“I walked around and people touched me on the shoulder and said, ‘Thank you for being my voice.’ I’ve never had one person come and say: ‘I hate you’.”

Court remains the most decorated singles player in grand slam history with 24 titles.

Grand Slam

US Open Taking A Big Risk If Tournament Goes Ahead, Warns Former Top 10 Player

Will the USTA be able to defy the odds and stage the North American grand slam as planned?

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The prospect of the US Open going ahead as planned could potentially lead to ‘scandal’ occurring in the sport, according to a two-time quarter-finalist of the tournament.

 

Janko Tipsarevic says a ‘big question mark’ is looming over the grand slam and its intention to host the event from the last week of August. New York state, which is where the US Open takes place, is at the centre of the covid-19 outbreak in America. As of Saturday morning official figures put the number of cases at 113,700. The Billie Jean Tennis Center has recently been turned into a 350-bed facility to help cope with the outbreak.

“I wouldn’t still rule out the possibility of seeing a tennis ball being hit for the rest of 2020 but I consider the US Open a big question mark,” Tipsarevic told Sport Klub.
“I think the United States will be the hardest hit country by the coronavirus pandemic and it will be extremely hard to get the situation under control before the end of August, when the US Open is scheduled to start.”

Nevertheless, the United States Tennis Association is still not giving up their hope of staging the event as scheduled unlike other majors. The French Open has suspended their tournament to the last week of September in a hope they can still host the event this year. However, Wimbledon has been cancelled for the first time since 1945.

There are also questions as to how much time it will take to make the facility safe for the public after being used to treat those with the virus. The facility being used to treat those affected is the indoor training centre and not the premier Arthur Ashe stadium or other courts. Danny Zausner, who is the chief operating officer of the USTA Billie Jean King National Tennis Center, insists there will minimal risk to the public should the US Open get underway in the summer.

“I can assure you that by the time people leave these two entities—and obviously we hope that’s sooner rather than later—that they will be cleaner and more meticulous than when they opened. Obviously, we’re not going to be bringing the public into these spaces until everyone is out.” Zausner told tennis.com.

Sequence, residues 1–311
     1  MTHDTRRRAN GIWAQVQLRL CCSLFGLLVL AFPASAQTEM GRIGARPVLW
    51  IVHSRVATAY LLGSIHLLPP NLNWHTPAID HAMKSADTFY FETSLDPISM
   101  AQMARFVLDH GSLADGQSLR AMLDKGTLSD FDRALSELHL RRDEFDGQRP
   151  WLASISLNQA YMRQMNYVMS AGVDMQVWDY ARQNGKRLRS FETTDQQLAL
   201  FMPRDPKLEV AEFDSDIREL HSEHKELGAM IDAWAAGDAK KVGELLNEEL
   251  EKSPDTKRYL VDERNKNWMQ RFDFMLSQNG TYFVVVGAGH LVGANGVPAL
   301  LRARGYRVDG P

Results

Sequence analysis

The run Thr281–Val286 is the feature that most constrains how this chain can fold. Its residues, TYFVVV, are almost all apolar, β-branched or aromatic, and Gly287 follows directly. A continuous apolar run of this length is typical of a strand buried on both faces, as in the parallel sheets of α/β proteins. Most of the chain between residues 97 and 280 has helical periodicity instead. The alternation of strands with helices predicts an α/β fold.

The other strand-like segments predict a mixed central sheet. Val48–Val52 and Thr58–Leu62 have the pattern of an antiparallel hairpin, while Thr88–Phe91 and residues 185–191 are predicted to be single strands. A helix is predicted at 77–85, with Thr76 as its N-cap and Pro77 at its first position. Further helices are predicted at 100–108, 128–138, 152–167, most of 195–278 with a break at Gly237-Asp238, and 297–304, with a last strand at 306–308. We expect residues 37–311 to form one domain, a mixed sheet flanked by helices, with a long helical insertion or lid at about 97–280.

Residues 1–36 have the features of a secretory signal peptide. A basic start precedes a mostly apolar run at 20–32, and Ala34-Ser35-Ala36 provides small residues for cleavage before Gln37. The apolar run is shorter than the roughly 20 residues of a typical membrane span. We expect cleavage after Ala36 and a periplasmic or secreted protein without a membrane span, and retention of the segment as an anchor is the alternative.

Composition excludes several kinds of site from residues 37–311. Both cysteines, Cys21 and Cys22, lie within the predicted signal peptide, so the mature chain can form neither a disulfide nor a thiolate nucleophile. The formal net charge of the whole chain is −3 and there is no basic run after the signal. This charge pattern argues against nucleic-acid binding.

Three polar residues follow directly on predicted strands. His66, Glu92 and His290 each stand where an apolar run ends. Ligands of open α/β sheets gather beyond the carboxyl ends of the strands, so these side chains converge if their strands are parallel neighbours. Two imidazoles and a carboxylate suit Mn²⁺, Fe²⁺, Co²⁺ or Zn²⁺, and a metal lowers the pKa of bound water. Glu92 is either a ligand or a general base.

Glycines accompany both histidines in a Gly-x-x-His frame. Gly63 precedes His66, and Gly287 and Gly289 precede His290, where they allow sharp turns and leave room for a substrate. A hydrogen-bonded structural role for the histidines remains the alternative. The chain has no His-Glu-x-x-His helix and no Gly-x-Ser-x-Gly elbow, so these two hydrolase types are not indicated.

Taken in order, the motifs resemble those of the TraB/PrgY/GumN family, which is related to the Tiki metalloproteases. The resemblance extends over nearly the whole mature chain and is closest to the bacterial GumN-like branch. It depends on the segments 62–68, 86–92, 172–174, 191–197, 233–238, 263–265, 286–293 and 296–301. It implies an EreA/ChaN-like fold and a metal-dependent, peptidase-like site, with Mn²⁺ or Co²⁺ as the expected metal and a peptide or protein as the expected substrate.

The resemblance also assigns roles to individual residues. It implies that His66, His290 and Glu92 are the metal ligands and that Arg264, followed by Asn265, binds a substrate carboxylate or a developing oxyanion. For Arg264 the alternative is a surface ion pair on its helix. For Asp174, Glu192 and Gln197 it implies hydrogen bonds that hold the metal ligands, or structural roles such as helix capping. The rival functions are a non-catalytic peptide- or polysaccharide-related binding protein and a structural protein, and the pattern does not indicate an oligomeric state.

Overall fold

Despite the reassurances, Tipsarevic still believes that the legal risk involving the tournament could be too high. Making a reference to Eugenie Bouchard, who onced sued the USTA after slipping over in the locker room and suffering a concussion.

“You probably remember when Eugenie Bouchard fell in the locker room a couple of years ago, sued the US Open, won the case and got compensated a few million dollars.” He said.
“Can you imagine a situation in which the tournament organizers decide to proceed with the US Open and a player contracts the coronavirus and has serious consequences. Just imagine that scandal.”

Out of the four grand slams, the US Open was the only one to take place during the first and second world wars.

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Grand Slam

Wimbledon Announces Cancellation As Coronavirus Continues To Affect Tennis Calendar

For the first time since World War Two, Wimbledon has been cancelled.

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Wimbledon has announced it has cancelled this year’s tournament due to health fears over the coronavirus. 

 

This is the first time since world war two that the famous grass-court tournament at SW19 has been cancelled as the coronavirus continues to impact the tennis calendar.

In a statement, Wimbledon confirmed that the next edition of the tournament will occur in 2021, “It is with great regret that the Main Board of the All England Club (AELTC) and the Committee of Management of The Championships have today decided that The Championships 2020 will be cancelled due to public health concerns linked to the coronavirus epidemic,” they said on their website.

“The 134th Championships will instead be staged from 28 June to 11 July 2021. Uppermost in our mind has been the health and safety of all of those who come together to make Wimbledon happen – the public in the UK and visitors from around the world, our players, guests, members, staff, volunteers, partners, contractors, and local residents – as well as our broader responsibility to society’s efforts to tackle this global challenge to our way of life.

“Members of the public who paid for tickets in the Wimbledon Public Ballot for this year’s Championships will have their tickets refunded and will be offered the chance to purchase tickets for the same day and court for The Championships 2021. We will be communicating directly with all ticket-holders.”